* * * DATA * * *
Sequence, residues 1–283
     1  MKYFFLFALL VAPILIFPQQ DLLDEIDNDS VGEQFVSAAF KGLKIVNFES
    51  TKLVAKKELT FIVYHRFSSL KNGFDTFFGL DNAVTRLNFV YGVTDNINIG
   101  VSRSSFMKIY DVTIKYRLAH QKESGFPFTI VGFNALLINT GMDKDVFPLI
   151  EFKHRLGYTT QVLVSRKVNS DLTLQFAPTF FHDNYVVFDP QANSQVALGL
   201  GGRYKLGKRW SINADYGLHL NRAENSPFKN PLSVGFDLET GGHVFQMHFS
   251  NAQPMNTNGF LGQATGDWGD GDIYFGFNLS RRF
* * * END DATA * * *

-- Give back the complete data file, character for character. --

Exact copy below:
Sequence, residues 1–283
     1  MKYFFLFALL VAPILIFPQQ DLLDEIDNDS VGEQFVSAAF KGLKIVNFES
    51  TKLVAKKELT FIVYHRFSSL KNGFDTFFGL DNAVTRLNFV YGVTDNINIG
   101  VSRSSFMKIY DVTIKYRLAH QKESGFPFTI VGFNALLINT GMDKDVFPLI
   151  EFKHRLGYTT QVLVSRKVNS DLTLQFAPTF FHDNYVVFDP QANSQVALGL
   201  GGRYKLGKRW SINADYGLHL NRAENSPFKN PLSVGFDLET GGHVFQMHFS
   251  NAQPMNTNGF LGQATGDWGD GDIYFGFNLS RRF